quite easy to call The Muffins the nearest thing to a group from the "Canterbury
School" that one could find in the States. The group came out right at
an end of an era - the end of the 70s - and so the quartet was immediately
labelled as a "curious anomaly" - i.e., a line-up from Washington
D.C. that considered Soft Machine, Caravan and Hatfield And the North (and
the European Rock In Opposition) as their sources of inspiration instead of
emulating the pompous prog rock groups that lived (and prospered) on both
sides of the Atlantic. It was easy to like their first album, Manna/Mirage,
and also its follow-up, 185, an album that saw the participation of former
Henry Cow and Art Bears Fred Frith - let's remember that Frith invited the
Muffins to participate to the sessions for his widely acclaimed (and perennially
in-print) album Gravity. Then the group split, with only some collections
of unreleased tracks (check Open City) as consolation for their fans.
years ago, quite unexpectedly, they returned with a new album, Bandwidth.
It's obvious that in cases like this one's strong fear is to be confronted
with a tired-sounding, lukewarm CD, but this was not the case. We had again
a strong rhythm section (Billy Swann on bass and Paul Sears on drums), Thomas
Scott on wind instruments and Dave Newhouse on keyboards, baritone sax, bass
clarinet and composition. Doug Elliot's trombone was a nice addition. A strong
musical rapport, absolutely no bad aftertaste. Sure, it was not the album
that one would have suggested as the best example of "musical innovation,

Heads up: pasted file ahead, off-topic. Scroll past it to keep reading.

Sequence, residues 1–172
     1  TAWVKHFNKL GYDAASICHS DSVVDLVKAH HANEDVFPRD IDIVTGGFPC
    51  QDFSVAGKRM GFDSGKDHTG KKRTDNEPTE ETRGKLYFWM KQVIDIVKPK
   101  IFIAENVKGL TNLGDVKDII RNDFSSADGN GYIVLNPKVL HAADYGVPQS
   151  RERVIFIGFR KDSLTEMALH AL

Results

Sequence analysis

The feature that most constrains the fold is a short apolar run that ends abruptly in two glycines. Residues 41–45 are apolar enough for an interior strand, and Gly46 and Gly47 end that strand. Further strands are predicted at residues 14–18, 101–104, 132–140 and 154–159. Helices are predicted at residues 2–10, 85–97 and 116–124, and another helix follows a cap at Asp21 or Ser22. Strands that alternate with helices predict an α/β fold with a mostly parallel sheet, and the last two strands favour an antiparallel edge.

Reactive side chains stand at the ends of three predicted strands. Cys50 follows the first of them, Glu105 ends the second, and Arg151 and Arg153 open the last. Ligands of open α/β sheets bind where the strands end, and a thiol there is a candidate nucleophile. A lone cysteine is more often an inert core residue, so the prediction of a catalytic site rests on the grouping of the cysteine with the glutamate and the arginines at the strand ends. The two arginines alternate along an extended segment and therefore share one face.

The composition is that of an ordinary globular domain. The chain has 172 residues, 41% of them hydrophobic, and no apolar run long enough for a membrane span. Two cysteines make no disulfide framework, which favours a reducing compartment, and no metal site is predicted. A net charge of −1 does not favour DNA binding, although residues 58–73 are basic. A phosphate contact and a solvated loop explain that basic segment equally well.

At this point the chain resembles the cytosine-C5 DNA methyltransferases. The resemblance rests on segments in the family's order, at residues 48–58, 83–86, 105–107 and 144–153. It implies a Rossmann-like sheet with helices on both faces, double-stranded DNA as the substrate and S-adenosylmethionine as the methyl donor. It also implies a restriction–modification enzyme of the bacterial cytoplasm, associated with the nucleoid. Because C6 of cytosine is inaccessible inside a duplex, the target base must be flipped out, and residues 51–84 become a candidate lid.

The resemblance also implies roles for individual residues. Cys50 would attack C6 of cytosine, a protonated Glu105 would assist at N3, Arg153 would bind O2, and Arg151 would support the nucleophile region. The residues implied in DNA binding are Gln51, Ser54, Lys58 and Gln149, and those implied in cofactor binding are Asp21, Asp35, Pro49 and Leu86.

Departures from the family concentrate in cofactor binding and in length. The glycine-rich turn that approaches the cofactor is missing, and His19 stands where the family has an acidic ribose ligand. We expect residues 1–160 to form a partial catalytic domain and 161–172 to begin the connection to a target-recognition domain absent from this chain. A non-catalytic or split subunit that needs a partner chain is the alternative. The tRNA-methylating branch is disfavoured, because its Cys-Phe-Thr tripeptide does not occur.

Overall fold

2002", but Bandwidth was definitely worth a listen even for those who
are not big fans of the "genre" (by the way: is it only my impression
or albums by "prog" groups are required to pass more severe tests
than albums featuring other musical styles?).
the joy for their return, questions remained to be answered, both career-
and music-wise. Double Negative seems to leave a lot questions unanswered,
while posing even more problems. There's more jazz than before - there's also
the great Marshall Allen as guest artist on a couple of tracks - and this
is definitely not a bad thing. Some themes (Exquisite Corpse, They Come On
Unknown Nights, Cat's Game, Angel From Lebanon) are to be recommended. Again,
Doug Elliott's trombone is a nice addition. But there are problems. The string
quartet that's featured on a few tracks makes it possible for the group to
widen their stylistic palette, but sometimes the actual results are not so
great. Some climates, which would be perfectly appropriate for a movie soundtrack,
sound a bit out of place. Above all, a very clear but very cold-sounding digital
recording acts against the warmth and the "credibility" of the music
(what happened to the drums?). And yes, I know that nowadays one cannot use
the wha-wha organ from Angel From Lebanon for a whole album anymore, but was
there really no alternative to those annoying, anonymous timbres?
closing, I wonder whether I will be accused of asking that albums by "prog"
groups pass more severe tests than albums featuring other musical styles.
Beppe Colli 2004
| Dec. 12, 2004